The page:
The solar wind is a stream of charged particles released from the Sun’s upper atmosphere and traveling throughout the Solar System. It comprises electrons, protons, and alpha particles with kinetic energies between 0.5 and 10 keV. It also contains trace amounts of heavy ions and atomic nuclei of elements and is superimposed on the interplanetary magnetic field.
The solar wind is constantly ejected from the Sun’s outer atmosphere and is visible through its halo-like appearance in the Sun’s corona during eclipses. The solar wind was first proposed in the 1950s by Eugene Parker and is released due to the high energy resulting from the high temperature of the corona. This energy is enough to overcome the Sun’s gravitational pull and allow particles to escape into space.
The solar wind travels about one million miles per hour and consists of two states, slow and fast. The slow solar wind has a speed of 300-500 km/s and a temperature of ~100 MK, while the fast solar wind has a speed of 750 km/s and a temperature of 800 MK. Solar wind particles can be dangerous because they can damage spacecraft equipment and human bodies.
An artist’s rendering of the solar wind particles coming towards Earth. Credit: NASA
What causes the solar wind?
The solar wind also plays a role in forming comet tails along with solar radiation. Different sunspots cause slightly different wind speeds and densities depending on local conditions.
As the fast-moving streams overtake the slower streams that originate west of them on the Sun, each of these different wind streams forms a spiral with a slightly different angle. This creates turbulent co-rotating interaction regions that generate wave motions and accelerated particles.
How is the solar wind different from other forms of solar radiation?
The solar wind differs from other forms of solar radiation, such as ultraviolet radiation and X-rays, in its interaction with Earth’s magnetic field. The magnetic field acts as a shield against the solar wind because it blocks some of the particles coming from the Sun.
The solar wind, not blocked by the Earth’s magnetic field, can interact with particles in the Earth’s atmosphere, creating spectacular displays of the aurora borealis. Thus, the solar wind goes beyond simply protecting the Earth from the harmful effects of other forms of solar radiation. It also provides beautiful and spectacular displays of light and color.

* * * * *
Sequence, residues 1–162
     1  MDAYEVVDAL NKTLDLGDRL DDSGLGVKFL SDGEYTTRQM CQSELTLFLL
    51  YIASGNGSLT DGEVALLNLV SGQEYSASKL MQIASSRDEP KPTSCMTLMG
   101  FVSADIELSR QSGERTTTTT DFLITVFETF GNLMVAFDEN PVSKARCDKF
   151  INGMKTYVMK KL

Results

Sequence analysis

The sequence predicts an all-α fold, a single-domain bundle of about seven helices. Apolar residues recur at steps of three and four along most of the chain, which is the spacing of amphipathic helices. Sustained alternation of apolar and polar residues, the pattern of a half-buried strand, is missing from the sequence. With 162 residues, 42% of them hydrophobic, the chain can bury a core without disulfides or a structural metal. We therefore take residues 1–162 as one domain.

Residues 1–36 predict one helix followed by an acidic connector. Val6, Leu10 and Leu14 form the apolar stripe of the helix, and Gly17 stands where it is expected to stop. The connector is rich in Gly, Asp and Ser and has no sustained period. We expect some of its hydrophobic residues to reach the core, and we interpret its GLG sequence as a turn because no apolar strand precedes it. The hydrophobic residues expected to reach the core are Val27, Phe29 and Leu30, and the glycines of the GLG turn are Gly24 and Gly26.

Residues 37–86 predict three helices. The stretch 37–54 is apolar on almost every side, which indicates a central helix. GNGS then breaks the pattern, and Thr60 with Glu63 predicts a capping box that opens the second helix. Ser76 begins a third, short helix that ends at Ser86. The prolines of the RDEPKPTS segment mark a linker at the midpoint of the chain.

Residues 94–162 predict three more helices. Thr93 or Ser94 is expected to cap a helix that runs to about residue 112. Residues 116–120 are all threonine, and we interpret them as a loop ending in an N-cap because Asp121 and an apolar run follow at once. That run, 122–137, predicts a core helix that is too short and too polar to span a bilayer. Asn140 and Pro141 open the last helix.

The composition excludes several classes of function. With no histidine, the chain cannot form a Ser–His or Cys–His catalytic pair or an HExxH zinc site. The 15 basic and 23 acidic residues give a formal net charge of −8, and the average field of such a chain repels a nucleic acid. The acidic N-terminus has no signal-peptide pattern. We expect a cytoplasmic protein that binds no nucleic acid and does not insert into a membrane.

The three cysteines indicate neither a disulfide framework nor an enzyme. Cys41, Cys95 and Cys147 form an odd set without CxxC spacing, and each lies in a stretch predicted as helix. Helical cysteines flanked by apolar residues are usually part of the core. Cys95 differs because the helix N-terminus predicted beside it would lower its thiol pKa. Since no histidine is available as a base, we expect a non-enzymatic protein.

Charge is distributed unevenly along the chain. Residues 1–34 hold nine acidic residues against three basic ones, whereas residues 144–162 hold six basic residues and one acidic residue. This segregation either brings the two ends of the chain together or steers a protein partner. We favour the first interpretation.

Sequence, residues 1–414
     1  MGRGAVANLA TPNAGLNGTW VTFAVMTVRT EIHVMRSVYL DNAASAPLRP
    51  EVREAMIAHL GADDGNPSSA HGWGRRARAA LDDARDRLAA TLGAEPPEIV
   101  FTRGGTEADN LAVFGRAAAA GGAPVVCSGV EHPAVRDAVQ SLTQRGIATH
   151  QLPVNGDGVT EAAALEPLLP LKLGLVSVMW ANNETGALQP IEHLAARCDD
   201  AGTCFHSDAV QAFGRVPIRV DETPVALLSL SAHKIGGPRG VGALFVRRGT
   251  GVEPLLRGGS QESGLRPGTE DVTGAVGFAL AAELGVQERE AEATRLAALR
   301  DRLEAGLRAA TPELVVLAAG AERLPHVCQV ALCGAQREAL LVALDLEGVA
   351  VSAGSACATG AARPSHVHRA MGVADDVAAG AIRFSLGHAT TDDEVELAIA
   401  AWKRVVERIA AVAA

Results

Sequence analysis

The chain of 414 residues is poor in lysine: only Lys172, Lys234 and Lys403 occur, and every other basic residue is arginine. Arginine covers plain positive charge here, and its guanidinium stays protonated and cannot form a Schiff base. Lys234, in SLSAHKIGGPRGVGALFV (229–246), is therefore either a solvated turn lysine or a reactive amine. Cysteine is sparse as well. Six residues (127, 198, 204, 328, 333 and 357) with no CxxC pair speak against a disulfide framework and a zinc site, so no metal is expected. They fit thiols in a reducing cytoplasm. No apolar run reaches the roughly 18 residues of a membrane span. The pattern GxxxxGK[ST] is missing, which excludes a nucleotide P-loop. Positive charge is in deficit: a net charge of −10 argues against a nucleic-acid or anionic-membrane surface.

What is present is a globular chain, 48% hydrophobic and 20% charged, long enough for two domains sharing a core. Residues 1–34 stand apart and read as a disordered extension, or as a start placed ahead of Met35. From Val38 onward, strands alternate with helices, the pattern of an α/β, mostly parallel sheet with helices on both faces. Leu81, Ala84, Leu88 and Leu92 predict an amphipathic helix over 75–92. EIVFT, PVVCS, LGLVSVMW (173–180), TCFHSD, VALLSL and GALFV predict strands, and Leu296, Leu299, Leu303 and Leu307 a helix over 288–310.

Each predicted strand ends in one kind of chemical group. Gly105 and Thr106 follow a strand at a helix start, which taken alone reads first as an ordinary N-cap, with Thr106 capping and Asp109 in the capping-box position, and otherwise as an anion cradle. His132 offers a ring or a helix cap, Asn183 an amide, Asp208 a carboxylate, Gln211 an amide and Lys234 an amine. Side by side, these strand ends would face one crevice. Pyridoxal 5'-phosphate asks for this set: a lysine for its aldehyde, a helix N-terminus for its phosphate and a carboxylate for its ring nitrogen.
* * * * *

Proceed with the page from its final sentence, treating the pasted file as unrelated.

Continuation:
Solar Wind and Corona Timeline
Here are some of the key discoveries and ideas that led to our current understanding of the corona and the solar wind, leading up to the newest spacecraft in NASA’s Heliophysics fleet. Credit: NASA
How does the solar wind affect the Earth’s atmosphere?
The solar wind can disrupt telecommunications networks and pose a threat to astronauts traveling in space. The solar wind is useful because it helps shield the Earth from stray cosmic rays. It can also affect the shape and location of the magnetopause and shock wave and can cause variations in ionizing radiation and radio interference.
The solar wind also affects the overall shape of Earth’s magnetosphere. It helps protect the planet from harmful particles coming from space. The solar wind can also cause solar storms, significantly affecting Earth’s atmosphere. Solar winds influence the Earth’s outer magnetic layer (magnetosphere).
The solar wind is an ionized gas that can cause celestial radio waves to oscillate, as seen on Earth.
The solar wind moves the planet’s atmosphere.
Charged particles of the solar wind can negatively affect the radiation background of the planet, which can be harmful to organisms on Earth.
The absence of an atmosphere means the solar wind will interact directly with the Earth’s magnetosphere. This can lead to significant changes in the magnetic field and magnetosphere, which will affect the electronic system of the planet.
The solar wind can affect Earth’s weather patterns, particularly the operation of atmospheric structures such as wind currents and atmospheric circulation.
How does the solar wind affect other planets in the solar system?
Particles of the solar wind collide with particles of other planets, which results in energy transfer to other planets. This energy transfer can cause planetary atmospheres to expand or contract and change their chemical composition. In addition, the solar wind can cause changes in the magnetic fields of other planets, which can create increased drag on the atmosphere.